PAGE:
Justice Rejects Plea Deal

Almost all contested cases in East Hampton Town Justice Court are settled by plea bargain, whether they involve a traffic ticket or a serious criminal charge where jail time is in the offing. In the latter case, the process is a delicate one that can go awry, as has happened twice in recent weeks.

Carlos A. Guaman of Springs, 37, was arrested on May 31 and again on Aug. 17 on misdemeanor charges of drunken driving. His blood-alcohol count was high enough in the August incident, according to East Hampton Town police, that the charge was raised to the “aggravated” level. He also faces two counts of unlicensed driving, one of them a felony charge.

Unable to meet bail of $2,500 after the second arrest, and with a hold placed on him by Immigration and Customs Enforcement, Mr. Guaman was held for several days in the county jail in Yaphank. He was brought back to court on Aug. 21.

After speaking with his Legal Aid attorney, Brian Francese, who in turn had huddled with Rob Archer of the county district attorney’s office, he agreed to plead guilty in return for a 30-day sentence. At the end of that time, I.C.E. would have the option to begin deportation proceedings or cut the defendant loose.

But nobody had checked with Justice Steven Tekulsky, who was on the bench for both of Mr. Guaman’s arraignments.

“I am shocked that the people would be willing to settle for 30 days,” Justice Tekulsky said sternly. Mr. Guaman, he said, appeared to have no respect either for the law or the court, having been specifically warned not to drive following his first arrest. “I am not agreeing that he is only going to do 30 days,” Justice Tekulsky announced.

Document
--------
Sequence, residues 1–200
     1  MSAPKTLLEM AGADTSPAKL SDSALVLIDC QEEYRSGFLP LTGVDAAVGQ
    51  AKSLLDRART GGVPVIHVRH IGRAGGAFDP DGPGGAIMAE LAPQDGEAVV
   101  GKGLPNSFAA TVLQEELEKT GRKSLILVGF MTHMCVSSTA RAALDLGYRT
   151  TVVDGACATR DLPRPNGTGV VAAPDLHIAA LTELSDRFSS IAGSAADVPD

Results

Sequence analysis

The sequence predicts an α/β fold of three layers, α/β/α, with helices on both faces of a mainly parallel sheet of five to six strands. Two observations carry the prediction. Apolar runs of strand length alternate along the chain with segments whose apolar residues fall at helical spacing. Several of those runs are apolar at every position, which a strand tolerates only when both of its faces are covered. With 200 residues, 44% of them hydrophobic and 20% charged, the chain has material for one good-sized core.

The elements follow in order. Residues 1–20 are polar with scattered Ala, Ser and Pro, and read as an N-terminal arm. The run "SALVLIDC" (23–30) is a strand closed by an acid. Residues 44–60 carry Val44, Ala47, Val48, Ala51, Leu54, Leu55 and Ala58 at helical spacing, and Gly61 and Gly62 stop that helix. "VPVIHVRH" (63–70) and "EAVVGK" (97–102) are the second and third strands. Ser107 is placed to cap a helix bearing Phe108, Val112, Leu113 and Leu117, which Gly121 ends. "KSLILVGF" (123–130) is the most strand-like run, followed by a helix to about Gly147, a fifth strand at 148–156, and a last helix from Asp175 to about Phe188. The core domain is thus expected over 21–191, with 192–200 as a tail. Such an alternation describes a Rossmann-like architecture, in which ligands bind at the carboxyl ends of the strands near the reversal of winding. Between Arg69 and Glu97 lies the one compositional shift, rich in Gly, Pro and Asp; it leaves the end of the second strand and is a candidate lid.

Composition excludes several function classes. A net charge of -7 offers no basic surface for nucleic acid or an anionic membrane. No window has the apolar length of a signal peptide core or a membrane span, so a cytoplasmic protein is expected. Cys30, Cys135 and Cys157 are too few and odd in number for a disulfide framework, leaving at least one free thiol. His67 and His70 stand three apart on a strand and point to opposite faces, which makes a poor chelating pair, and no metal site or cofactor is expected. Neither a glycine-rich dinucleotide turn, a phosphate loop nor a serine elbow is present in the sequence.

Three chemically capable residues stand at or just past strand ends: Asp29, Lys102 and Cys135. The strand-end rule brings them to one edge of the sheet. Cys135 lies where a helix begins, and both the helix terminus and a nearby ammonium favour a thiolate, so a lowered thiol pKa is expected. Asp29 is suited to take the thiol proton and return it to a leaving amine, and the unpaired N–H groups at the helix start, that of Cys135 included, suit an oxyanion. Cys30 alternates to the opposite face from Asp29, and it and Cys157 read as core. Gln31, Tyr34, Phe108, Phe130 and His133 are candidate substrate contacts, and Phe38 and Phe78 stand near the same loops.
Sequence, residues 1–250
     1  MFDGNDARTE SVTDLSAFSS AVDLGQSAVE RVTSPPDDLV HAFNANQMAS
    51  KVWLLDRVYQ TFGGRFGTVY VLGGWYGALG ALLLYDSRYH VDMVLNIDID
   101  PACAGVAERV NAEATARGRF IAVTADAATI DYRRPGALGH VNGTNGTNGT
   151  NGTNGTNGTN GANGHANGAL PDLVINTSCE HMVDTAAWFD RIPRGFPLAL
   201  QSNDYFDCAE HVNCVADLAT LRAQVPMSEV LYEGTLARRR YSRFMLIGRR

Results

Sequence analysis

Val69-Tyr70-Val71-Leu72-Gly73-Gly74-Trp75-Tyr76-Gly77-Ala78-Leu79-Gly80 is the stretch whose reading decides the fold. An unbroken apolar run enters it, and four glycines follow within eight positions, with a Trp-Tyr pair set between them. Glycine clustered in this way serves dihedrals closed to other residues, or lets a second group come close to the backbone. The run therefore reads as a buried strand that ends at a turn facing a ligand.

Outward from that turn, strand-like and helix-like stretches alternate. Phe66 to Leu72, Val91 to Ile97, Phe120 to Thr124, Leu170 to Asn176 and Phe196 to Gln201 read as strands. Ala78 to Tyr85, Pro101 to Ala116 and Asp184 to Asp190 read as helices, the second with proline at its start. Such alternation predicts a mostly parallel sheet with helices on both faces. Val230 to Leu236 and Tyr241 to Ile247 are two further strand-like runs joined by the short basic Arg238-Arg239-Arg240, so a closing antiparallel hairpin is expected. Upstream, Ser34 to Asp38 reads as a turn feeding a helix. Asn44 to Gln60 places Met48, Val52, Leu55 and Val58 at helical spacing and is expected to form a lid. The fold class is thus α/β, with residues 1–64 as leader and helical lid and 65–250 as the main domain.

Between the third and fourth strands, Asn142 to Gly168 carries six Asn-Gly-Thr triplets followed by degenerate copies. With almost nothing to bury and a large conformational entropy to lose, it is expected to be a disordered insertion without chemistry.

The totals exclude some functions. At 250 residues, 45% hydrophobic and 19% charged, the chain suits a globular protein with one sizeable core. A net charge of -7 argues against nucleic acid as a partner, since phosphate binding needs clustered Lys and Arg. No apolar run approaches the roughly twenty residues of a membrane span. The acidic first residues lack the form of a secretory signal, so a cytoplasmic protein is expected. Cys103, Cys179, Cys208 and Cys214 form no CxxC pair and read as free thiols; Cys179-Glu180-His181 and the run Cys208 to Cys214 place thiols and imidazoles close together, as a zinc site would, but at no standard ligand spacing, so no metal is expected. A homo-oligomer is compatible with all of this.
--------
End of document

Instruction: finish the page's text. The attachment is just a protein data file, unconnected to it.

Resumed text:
Back went Mr. Guaman to jail, where he met with a court-appointed immigration attorney. He is due back in Justice Court today.

The second deal that ended up being no deal involved the case of James E. Wyeth of East Hampton, 48, who was first arrested on July 10 following an altercation with his girlfriend. “He started yelling at me, saying I annoyed him,” she told police in a statement. He began to choke her, she said, and “I thought I was going to pass out. I grabbed a glass ashtray and hit him in the head with it.” Mr. Wyeth was charged with obstruction of breathing, a misdemeanor.

On Aug. 17 in Southampton Justice Court, after pleading guilty to an unrelated charge of assault, Mr. Wyeth was sentenced to nine months’ incarceration. On Aug. 21 he appeared for sentencing on the choking charge in the East Hampton court.

This time, Mr. Francese and Mr. Archer agreed that Mr. Wyeth would plead guilty on the East Hampton charge and serve six months — concurrent with the nine months imposed in Southampton. This was agreeable to Justice Tekulsky, and Mr. Wyeth was brought before the bench.

When it came time to enter his plea, though, he had a change of heart. “No, I didn’t do it,” he said. “Excuse me, your honor.”

Now concerned that the defendant, who at one point had said he was “taking psych meds,” did not understand what was happening, Justice Tekulsky adjourned the case. Mr. Wyeth, too, will reappear in court today.

  “Take care, your honor,” he said as he was led away.